Sometimes the secret to a successful, viral marketing campaign is—well, a secret. By being compelling both visually and mentally, clever mysterious promotional campaigns show just enough information to intrigue viewers.
When interest is piqued, human beings have a desire to know and the curiosity to find out what they don’t—which means that withholding information can be a very powerful marketing tactic. FX took the concept of mysterious marketing to the next level with its recent teaser campaign for Season 6 of its anthology horror series “American Horror Story.”
“AHS” has taken viewers to a lot of creepy places in its five seasons: a haunted house, a corrupt insane asylum, a witch coven in crisis, a struggling carnival sideshow and a macabre hotel. Creator Ryan Murphy has said before that he has some kind of master plan that will link all of the show’s seasons together.
And so naturally, with Season 6’s Sept. 14 premiere on the horizon, fans were eager to know where the next story will take place. But FX wasn’t willing to give up the goods that easily.
The network managed to stump everyone this summer when it first began launching creative in late July—posters, out-of-home and on-air promos depicted rattling chains, spiders crawling from human orifices and demonic dolls. There were mysterious vintage swamp monsters, crop circles, shadowy figures and creepy children.
There were a total of 24 different on-air teasers for “AHS” Season 6, an overarching “Anthology” spot, 17 different print finishes (OOH and print) and eight social-based teasers, each with it’s own flavor. Every teaser included a “?6” logo, which was rendered differently in each piece of creative. FX was taunting fans with one blood-chilling red herring after another—and it only made them more excited.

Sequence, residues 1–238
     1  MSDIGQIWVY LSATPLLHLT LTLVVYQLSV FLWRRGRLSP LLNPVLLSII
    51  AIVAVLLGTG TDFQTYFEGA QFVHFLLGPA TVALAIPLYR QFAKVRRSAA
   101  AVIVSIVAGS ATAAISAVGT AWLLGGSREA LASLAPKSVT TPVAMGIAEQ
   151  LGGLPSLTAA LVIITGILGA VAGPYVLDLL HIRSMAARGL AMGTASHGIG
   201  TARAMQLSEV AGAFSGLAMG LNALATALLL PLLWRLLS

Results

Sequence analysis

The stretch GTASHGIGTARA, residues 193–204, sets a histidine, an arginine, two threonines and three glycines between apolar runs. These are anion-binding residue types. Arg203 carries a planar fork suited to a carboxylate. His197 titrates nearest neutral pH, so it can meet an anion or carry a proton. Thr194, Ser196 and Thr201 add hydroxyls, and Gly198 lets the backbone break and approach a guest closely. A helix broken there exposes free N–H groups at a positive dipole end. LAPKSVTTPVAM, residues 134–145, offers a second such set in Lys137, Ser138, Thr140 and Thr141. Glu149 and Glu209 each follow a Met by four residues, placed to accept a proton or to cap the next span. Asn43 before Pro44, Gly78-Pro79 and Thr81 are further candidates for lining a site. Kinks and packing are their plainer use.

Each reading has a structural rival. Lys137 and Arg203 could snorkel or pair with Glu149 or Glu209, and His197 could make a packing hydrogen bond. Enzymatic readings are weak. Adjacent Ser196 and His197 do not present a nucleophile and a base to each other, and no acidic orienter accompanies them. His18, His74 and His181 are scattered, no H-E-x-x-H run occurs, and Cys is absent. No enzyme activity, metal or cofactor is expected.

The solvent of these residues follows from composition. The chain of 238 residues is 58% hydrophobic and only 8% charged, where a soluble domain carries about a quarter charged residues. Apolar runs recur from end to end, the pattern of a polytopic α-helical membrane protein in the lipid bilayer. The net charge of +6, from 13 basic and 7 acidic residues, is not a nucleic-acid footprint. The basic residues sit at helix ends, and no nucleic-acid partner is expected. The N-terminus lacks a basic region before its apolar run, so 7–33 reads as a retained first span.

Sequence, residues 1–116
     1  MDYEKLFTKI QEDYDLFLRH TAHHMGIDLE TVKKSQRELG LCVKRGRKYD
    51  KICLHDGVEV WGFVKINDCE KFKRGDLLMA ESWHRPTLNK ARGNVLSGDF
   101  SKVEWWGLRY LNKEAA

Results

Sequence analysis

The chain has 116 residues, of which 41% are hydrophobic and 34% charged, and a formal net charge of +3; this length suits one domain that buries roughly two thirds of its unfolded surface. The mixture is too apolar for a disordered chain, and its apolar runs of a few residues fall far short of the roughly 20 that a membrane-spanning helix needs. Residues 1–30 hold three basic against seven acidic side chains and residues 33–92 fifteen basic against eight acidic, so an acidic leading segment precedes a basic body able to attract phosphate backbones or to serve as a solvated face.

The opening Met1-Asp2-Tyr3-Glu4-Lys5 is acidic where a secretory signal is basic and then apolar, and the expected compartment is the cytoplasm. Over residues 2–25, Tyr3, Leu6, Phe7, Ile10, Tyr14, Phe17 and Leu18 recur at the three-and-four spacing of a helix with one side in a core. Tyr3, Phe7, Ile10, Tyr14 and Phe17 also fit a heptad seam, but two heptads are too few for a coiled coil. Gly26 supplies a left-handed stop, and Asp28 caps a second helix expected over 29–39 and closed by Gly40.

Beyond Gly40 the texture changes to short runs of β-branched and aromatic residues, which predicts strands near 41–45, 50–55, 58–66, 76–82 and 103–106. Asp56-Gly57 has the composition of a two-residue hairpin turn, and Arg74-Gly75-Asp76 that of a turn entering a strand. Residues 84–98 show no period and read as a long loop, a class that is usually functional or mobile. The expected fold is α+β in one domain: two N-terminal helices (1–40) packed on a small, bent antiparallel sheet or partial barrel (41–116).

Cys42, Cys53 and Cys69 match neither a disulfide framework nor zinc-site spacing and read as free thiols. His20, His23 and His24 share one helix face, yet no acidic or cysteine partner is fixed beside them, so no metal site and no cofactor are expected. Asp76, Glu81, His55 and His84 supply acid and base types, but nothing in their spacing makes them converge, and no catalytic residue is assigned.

Part of why this risky campaign worked is that everyone at FX was on board for its execution.
Aside from a Sept. 14 premiere date, everything else about Season 6 was kept under wraps. No information about the season’s theme. No casting announcements. No looks at behind-the-scenes photos. Nothing.
The premiere was shrouded in so much mystery that prior to the premiere, many fans took to social media to speculate with others about what the new season would bring. It can all be summed up with “I can’t wait,” which is ultimately what a good marketing campaign is always trying to achieve.
In Nielsen live-plus-three numbers—live ratings plus three days of delayed viewing—the “Roanoke” premiere drew 8.3 million total viewers, as well as 5.6 million viewers ages 18-49, and 3.4 million 18-34. By those measures, it ranks behind only the premieres of “American Horror Story: Freak Show” — the FX anthology’s highest rated episode — and “American Horror Story: Hotel” among other episodes in the series.
According to FX’s own multiplatform numbers, the premiere has drawn 10.9 million total viewers to date. It was the third best numbers in total viewers and key demos of any episode in the franchise’s history. Obviously, its risky marketing gambit proved very effective.